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Does bread make you fat? Which is best for diet?

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Does bread make you fat?  Which is best for diet?

Is Bread Always Bad for You? The Nutritionist Responds

Does bread always make you fat and in any case, is it bad for you and should it be avoided? Is there one version that is healthier than the other? The nutritionist responds

The first to be eliminated in low-calorie and slimming diets, bread is the most demonized of carbohydrates. Yet this comforting, fragrant, crunchy, and delicious food is the backbone of thousand-year-old culinary traditions not only of the West but also of the Middle East, the African continent, and Asian countries such as India and Pakistan. From the French baguette to the Indian naan, the Mexican tortilla, Eritrean himbasha, and German pumpernickel, the types of bread baked at the same time every day from one end of the planet to the other are countless. But in the craze to avoid carbohydrates that has recently gripped the Western world, this staple food is often put aside to the detriment of the palate, and perhaps even of a balanced diet. And the bread basket at the table is now seen as enemy number one. But rightly so? Is bread really bad for you? Does it make you fat as is commonly believed? And again, which bread to choose if we don’t want to (or can’t) do without it? And which bread is the healthiest and most nutritious? We asked Rose Ferguson, nutritionist and functional medicine doctor (her nutritional reset programs are formidable), but also a timeless model: she recently appeared on the cover of English Elle.

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Does bread always make you fat?

The idea that bread is intrinsically a food that is not good for you and makes you fat is a simplification. The key is bread selection and portion control.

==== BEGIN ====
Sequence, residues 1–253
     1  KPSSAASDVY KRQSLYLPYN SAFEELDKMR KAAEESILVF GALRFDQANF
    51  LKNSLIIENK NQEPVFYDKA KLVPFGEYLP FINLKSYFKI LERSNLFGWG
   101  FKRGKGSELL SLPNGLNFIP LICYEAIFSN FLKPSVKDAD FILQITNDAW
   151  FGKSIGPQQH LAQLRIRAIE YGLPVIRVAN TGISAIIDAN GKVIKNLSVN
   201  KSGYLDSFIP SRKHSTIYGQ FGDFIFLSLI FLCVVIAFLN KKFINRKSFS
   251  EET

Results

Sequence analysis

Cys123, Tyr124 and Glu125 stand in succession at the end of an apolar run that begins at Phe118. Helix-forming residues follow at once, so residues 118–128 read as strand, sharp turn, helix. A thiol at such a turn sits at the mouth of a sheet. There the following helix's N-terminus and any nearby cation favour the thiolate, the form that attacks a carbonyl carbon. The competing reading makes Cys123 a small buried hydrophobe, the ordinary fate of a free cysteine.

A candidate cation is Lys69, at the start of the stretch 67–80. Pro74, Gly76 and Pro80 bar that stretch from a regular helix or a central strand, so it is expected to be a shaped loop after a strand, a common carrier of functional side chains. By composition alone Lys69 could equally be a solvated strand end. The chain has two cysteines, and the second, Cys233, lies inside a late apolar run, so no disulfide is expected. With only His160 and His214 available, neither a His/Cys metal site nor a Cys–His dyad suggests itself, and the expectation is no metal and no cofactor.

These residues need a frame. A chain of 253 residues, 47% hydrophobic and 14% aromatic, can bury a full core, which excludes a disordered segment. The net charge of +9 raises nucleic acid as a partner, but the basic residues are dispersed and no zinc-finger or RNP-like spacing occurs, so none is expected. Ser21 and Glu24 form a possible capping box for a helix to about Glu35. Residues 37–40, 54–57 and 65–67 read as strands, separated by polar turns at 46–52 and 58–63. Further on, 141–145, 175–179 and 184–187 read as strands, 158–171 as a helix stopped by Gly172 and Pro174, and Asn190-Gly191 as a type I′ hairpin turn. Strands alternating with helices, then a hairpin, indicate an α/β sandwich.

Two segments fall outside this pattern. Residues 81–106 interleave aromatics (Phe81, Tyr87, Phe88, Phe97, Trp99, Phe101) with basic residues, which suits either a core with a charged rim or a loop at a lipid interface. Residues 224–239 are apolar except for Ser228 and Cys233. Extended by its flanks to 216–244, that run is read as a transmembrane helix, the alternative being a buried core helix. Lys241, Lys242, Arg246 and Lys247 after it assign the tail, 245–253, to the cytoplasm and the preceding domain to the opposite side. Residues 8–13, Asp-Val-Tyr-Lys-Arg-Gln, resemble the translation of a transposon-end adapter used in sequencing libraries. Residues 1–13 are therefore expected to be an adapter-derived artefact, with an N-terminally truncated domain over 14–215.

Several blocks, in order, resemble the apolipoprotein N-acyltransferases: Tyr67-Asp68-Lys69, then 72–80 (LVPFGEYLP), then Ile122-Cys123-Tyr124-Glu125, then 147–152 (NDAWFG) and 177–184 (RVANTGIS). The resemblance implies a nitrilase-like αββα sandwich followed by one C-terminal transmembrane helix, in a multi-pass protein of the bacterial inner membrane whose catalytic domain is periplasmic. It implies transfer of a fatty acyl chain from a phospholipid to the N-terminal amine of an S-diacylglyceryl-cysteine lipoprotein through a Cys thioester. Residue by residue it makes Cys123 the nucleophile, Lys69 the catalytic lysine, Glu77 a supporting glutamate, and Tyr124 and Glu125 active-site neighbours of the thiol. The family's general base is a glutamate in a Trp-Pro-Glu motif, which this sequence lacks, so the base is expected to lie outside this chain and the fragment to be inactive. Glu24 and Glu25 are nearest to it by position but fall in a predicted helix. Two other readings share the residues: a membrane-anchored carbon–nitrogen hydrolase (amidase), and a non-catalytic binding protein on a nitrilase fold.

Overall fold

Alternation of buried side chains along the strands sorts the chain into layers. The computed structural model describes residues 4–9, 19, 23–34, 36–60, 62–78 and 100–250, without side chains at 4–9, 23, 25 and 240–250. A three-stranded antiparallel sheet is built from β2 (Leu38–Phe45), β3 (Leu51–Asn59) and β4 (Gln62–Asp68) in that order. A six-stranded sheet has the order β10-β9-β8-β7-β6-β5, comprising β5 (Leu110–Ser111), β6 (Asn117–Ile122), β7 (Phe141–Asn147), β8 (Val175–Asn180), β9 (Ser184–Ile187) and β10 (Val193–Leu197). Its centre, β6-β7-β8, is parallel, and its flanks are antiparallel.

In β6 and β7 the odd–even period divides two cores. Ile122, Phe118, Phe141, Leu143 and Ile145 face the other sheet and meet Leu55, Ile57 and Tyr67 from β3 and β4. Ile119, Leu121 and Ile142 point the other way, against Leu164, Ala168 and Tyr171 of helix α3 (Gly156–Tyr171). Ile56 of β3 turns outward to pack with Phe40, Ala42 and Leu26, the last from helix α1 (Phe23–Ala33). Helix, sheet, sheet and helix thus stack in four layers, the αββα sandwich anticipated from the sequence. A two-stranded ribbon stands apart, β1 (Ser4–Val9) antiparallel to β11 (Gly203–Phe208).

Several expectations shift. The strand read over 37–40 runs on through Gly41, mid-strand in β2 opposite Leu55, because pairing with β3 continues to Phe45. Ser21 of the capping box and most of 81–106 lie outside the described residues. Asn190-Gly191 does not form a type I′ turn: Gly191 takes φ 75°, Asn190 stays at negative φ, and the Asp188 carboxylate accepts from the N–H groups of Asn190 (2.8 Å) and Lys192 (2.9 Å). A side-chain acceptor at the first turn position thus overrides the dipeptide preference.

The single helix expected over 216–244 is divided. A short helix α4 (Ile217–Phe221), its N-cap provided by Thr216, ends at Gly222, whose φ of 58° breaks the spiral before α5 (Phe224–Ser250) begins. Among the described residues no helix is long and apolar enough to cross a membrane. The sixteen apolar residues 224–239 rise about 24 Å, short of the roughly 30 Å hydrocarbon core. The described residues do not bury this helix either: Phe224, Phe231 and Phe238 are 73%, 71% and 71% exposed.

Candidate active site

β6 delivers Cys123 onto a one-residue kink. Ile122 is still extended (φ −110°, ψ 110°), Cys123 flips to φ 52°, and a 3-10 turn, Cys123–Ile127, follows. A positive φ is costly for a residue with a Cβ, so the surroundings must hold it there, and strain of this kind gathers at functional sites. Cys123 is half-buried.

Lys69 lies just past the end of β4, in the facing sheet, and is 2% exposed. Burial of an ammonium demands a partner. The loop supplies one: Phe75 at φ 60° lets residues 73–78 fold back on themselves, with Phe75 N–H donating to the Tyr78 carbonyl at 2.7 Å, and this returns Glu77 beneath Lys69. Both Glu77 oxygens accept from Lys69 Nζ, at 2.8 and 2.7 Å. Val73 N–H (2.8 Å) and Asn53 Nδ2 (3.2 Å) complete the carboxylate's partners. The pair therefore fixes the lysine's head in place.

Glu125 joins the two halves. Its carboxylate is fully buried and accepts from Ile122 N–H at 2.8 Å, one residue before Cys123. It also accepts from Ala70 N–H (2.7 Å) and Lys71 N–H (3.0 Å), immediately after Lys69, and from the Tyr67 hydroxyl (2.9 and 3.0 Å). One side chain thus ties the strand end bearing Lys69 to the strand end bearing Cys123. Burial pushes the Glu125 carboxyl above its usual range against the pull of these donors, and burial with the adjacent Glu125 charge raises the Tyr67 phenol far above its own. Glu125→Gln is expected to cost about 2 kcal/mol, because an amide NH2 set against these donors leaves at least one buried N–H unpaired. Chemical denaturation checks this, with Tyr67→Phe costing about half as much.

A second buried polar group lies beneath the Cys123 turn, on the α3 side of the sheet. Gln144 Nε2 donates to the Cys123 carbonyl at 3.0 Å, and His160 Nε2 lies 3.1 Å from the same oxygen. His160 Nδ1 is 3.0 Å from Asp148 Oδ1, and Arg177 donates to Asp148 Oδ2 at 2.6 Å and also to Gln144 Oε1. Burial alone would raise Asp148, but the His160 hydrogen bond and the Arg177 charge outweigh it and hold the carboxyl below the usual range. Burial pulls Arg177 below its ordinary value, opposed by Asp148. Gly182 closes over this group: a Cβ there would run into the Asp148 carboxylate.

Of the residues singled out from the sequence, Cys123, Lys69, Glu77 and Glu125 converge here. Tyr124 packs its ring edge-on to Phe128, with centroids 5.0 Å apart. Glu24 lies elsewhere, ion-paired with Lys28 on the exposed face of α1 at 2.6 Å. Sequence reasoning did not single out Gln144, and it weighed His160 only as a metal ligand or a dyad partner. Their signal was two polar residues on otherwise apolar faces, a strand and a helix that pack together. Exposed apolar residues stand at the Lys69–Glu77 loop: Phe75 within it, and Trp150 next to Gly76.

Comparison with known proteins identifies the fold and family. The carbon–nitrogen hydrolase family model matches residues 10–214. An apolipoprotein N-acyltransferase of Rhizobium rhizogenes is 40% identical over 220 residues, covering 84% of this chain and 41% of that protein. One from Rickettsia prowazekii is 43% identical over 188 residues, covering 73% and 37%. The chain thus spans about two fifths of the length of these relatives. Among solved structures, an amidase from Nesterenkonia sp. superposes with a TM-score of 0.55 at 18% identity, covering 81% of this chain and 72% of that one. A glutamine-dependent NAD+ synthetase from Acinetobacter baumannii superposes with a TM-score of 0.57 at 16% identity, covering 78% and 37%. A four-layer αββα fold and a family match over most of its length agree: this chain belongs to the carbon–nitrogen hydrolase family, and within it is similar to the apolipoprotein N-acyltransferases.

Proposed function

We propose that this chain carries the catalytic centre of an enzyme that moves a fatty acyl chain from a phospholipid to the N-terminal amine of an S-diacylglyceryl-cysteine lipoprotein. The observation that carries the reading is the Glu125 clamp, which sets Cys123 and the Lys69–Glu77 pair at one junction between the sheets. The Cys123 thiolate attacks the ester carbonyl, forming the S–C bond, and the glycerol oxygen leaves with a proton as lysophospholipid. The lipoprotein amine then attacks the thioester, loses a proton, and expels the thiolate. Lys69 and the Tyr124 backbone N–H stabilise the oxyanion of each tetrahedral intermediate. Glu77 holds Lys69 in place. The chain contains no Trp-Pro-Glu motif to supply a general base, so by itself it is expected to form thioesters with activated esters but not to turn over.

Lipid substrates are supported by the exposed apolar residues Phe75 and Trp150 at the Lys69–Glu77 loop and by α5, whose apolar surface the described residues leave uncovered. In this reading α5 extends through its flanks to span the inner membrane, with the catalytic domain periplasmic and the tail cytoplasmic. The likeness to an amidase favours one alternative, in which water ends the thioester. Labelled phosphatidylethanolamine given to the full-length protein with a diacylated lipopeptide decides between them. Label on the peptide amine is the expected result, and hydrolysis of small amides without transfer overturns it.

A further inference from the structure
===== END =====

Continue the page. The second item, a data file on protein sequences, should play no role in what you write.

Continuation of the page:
Not all bread is the same, and understanding this difference is essential to making healthier choices. The gap between a heavily processed white loaf and a seeded rye sourdough bread, for example, is huge in terms of nutritional value. White loaf, often made with highly processed wheat flour, lacks the nutritional benefits of its whole-wheat counterparts. This processing strips out essential nutrients and fiber, resulting in a product that can cause blood glucose levels to spike, contributing to energy crashes, and potentially encouraging a cycle of unhealthy food cravings, overeating, and weight gain.

The problem with refined wheat flour goes beyond simple loss of nutrients: as already mentioned, its impact on blood glucose levels is significant. Foods prepared with these processed flours can lead to rapid increases in blood sugar, putting a strain on your metabolic health over time. This is in stark contrast to the slower and more balanced energy release of the better, healthier types of bread, which offer a more complex nutritional profile and are better for our overall well-being, i.e. wholemeal bread, seeded bread, and seeded bread natural leavening.

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